October is known to be a spooky month, but how often does something spooky actually occur? When I was younger, I used to test the old tale of “Bloody Mary” around the month of October. The tradition of this tale is to enter a bathroom at night with the lights dimmed, then turning around three times while saying “Bloody Mary” with each turn. Stories say that by doing this, you will see Bloody Mary’s reflection behind you in the mirror, which could even result in potential death.
While my younger self can testify to having seen Bloody Mary in the mirror, I haven’t tried the tale since. So, is the tale false? Most likely. Many studies indicate that inanimate objects do have the tendency to appear when starring into dimly lit mirrors, which can be attributed to either Troxler’s Fading or self-hypnosis. This is similar to the images you may have seen either in psychology classes or online telling you to stare at an image for an extended period of time, while trying to minimize the number of times you blink. What you may notice is that the image may not only appear to be moving, but when you look away at a wall, the image may appear there as well. Try out the image for yourself below:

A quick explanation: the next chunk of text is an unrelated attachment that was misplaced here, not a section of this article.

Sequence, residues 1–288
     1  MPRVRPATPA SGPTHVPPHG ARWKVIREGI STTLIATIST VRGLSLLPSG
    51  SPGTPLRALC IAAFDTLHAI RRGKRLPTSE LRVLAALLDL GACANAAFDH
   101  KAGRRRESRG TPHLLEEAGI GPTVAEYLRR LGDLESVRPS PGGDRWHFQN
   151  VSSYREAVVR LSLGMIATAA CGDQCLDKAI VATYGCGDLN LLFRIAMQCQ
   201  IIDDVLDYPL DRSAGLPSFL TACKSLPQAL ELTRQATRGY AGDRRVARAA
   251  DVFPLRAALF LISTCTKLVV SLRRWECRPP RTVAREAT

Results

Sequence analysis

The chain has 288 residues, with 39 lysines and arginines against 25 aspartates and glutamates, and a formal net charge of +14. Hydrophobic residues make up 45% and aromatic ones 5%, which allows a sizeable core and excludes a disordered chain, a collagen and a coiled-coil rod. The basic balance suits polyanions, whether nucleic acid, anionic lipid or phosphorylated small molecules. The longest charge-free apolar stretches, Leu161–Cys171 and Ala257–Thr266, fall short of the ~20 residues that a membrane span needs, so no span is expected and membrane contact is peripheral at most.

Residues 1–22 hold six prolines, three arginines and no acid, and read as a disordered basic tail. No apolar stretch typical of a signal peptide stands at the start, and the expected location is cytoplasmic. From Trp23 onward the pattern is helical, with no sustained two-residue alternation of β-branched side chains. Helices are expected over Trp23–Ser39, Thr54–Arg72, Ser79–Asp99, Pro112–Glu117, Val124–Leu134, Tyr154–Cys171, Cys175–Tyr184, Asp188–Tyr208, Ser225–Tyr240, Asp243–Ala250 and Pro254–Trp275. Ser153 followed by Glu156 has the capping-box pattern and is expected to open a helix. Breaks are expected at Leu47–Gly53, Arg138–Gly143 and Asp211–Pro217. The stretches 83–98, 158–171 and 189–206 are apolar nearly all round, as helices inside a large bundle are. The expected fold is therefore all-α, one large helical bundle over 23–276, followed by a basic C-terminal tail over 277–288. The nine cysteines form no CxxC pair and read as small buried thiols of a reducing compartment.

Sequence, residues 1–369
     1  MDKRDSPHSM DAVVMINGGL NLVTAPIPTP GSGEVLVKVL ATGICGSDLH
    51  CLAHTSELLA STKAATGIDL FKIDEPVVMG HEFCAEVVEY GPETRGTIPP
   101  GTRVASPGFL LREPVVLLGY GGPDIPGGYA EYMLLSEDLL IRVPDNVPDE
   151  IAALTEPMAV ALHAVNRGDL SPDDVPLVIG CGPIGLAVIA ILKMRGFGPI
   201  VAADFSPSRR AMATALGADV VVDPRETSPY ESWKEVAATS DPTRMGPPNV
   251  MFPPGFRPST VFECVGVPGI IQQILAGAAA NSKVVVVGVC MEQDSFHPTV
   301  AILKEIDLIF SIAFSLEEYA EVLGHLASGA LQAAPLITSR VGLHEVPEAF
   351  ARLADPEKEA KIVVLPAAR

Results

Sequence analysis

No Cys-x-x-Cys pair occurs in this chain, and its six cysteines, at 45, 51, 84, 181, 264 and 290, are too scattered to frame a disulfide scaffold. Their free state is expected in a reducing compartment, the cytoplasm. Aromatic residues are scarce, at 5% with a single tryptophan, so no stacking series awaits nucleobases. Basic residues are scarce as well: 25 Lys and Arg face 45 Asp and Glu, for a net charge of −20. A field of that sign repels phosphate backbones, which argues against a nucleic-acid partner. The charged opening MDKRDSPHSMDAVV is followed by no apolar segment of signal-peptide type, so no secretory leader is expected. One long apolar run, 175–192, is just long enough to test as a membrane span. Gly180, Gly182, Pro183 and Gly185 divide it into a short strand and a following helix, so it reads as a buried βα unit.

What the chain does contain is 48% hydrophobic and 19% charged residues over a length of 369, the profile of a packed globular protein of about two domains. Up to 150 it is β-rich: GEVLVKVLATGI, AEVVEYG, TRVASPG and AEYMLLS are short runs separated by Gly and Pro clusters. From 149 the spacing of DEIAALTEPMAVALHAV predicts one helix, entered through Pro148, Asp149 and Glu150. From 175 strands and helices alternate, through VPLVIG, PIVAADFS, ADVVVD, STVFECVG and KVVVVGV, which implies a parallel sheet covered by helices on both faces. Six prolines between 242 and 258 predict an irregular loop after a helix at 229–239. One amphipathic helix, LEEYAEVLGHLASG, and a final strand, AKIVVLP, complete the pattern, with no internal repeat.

If the tale of “Bloody Mary” is fake, then how did it originate? Many studies suggest that it could have originated from various Mary’s in the past who have either killed others or have had multiple miscarriages. However, many point to the high probability of the story coming from the reign of Mary I of England. And although there has not been any definite answer to how the tale began, many also question why children feel so compelled to chant the verse if they know the potential consequences.
What do you think: Did you ever chant “Bloody Mary”? Do you have a story of a scary occurrence from someone chanting the phrase? Why do children love testing this tale so much?